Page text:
Truffles, the “diamond of the kitchen,” are one of the world’s most sought-after luxuries. It commands high prices for shavings over pasta, pizza, and olive oil. And now, Food and Wine reports, you can get in your beer.
Jared Rouben of Chicago’s Moody Tongue Tasting Room has been fascinated with the truffle since his early days in culinary school. Two years ago, he began his foray into truffle beers by brewing up a batch of truffle-infused pilsner. The bottles sold for $120, and were only available through a lottery system.
“During my garde manger class at the Culinary Institute of America, I was told I would rarely have access to this ingredient, so appreciate the moment—and, more importantly, the ingredient itself,” Rouben tells SAVEUR. “The opportunity to handle truffles typically only exists within a few kitchens, and so when Frank Brunacci of the Truffle & Wine Company reached out to me to create a beer with their Australian black truffles, I immediately focused all of my efforts on the project.”
Rouben consulted with various chefs and culinary professors on how to incorporate and handle truffles in a beer, without compromising the integrity of either component. Still, Rouben says, not everyone was initially on board with the idea.
“Very few people have the opportunity to experience truffles within dishes, so I believe I naturally received a bit of skepticism when releasing this beer,” said Rouben. “That said, once it was available at restaurants with fantastic service teams who hold a strong understanding of the ingredient, I believe the culinary community quickly adopted its placement on menus alongside delicious food.”
Now, Rouben is releasing the game-changing beer on tap at his Moody Tongue Tasting Room. In two weeks time, craft beer lovers and the taste-bud-adventurous alike will be able to order a glass of the famous truffle pilsner in the Tasting Room. There, guests can also learn about Rouben’s process: shaving the black Australian truffles by hand before adding them to the brewing process over a low heat so as to encourage the infusing of oils and aromatics. Pilsners are traditionally light and unobtrusive, making it the appropriate platform for the decadent special ingredient. The beer also has a low ABV, with only 5 percent alcohol content, meaning it isn’t a boozy choice, rather an indulgent one.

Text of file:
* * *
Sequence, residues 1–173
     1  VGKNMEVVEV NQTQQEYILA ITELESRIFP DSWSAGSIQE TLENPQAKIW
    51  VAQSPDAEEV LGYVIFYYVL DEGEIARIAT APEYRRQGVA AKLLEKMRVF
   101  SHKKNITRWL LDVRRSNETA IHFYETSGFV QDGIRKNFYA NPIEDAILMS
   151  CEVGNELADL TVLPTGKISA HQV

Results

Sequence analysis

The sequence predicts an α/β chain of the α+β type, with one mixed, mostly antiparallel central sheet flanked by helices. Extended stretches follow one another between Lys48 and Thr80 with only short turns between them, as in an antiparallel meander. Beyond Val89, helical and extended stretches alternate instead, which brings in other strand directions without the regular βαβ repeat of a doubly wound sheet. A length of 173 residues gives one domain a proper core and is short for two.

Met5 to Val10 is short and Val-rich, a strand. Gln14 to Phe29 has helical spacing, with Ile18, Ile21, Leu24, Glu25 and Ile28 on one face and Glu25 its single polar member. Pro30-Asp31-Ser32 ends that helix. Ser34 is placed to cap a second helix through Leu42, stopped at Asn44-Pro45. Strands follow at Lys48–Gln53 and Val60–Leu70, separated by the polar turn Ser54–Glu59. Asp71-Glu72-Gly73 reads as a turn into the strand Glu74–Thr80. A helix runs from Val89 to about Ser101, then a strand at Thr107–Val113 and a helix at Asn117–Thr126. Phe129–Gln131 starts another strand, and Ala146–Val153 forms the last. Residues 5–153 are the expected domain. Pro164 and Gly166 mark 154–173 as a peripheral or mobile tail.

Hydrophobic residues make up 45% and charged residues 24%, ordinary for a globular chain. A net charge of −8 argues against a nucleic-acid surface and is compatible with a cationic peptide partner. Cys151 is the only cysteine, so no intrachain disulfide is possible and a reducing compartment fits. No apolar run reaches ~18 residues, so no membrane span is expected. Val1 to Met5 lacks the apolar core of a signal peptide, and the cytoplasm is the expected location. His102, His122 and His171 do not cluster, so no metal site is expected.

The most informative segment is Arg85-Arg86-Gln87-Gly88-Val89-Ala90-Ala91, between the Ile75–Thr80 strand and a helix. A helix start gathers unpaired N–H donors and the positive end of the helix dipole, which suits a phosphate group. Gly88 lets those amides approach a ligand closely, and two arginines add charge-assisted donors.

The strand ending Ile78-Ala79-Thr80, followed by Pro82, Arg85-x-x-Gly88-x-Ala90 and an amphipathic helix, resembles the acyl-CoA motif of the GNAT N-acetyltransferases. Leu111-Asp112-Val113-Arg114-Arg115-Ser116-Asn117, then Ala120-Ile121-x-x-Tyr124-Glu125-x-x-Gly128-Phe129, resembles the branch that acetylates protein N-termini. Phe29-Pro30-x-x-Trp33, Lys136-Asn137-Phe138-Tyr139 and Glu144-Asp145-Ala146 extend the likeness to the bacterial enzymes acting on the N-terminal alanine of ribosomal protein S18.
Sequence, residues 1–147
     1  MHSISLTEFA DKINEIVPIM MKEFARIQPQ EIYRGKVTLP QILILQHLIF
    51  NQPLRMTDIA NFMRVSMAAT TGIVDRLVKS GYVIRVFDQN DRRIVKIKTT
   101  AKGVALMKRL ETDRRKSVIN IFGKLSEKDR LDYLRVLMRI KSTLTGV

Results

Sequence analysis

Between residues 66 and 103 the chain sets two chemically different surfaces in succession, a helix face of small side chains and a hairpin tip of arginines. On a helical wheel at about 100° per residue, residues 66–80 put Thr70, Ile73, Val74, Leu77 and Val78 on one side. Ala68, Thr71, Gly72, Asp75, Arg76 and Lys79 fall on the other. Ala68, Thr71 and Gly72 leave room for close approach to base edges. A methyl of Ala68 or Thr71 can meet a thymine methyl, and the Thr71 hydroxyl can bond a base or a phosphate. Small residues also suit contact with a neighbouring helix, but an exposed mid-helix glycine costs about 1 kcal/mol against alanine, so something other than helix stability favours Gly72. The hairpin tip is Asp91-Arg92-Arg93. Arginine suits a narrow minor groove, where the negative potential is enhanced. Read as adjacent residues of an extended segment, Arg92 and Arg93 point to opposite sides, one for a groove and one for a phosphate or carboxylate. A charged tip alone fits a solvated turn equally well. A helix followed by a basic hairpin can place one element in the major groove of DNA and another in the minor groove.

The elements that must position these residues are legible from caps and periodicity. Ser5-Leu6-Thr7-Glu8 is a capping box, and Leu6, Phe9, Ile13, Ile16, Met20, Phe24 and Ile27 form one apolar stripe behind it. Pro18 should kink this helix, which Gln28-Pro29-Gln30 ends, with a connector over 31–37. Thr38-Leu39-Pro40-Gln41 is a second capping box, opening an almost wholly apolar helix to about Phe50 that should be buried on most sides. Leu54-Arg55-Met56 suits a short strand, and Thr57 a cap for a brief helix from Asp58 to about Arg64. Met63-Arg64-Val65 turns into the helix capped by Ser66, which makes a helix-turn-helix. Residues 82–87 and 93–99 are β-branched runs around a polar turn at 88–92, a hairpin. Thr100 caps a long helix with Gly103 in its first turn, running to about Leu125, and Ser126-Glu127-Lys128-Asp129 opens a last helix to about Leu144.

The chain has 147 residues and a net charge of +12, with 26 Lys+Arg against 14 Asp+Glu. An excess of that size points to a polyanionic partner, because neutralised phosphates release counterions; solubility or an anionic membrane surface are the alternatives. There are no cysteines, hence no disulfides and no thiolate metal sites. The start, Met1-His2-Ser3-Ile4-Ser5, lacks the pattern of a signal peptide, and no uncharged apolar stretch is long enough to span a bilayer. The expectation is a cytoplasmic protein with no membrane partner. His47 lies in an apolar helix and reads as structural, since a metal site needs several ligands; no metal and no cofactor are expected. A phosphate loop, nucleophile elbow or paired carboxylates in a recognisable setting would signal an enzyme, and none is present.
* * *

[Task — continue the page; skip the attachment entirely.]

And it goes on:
But how do you drink a truffle beer, exactly? Rouben says the best way to enjoy it is in good company, preferably, but also with an open glass.
“I would suggest enjoying the Shaved Black Truffle Pilsner within a champagne flute between 42 and 48 degrees,” Rouben tells SAVEUR. “Just like with shaved black truffles on a pasta, much of the beauty lies within the aromatics of the beverage. With the holidays coming up, share this beer with friends and family—and possibly a bone-in ribeye.”
The Tasting Room has a limited, carefully thought-out menu, which includes a rich chocolate cake and oysters—a perfect match for a something as luxurious as the so-called diamond of the kitchen. Whether or not the beer lives up to its hype stands to be seen, but it’s an experiment worth testing.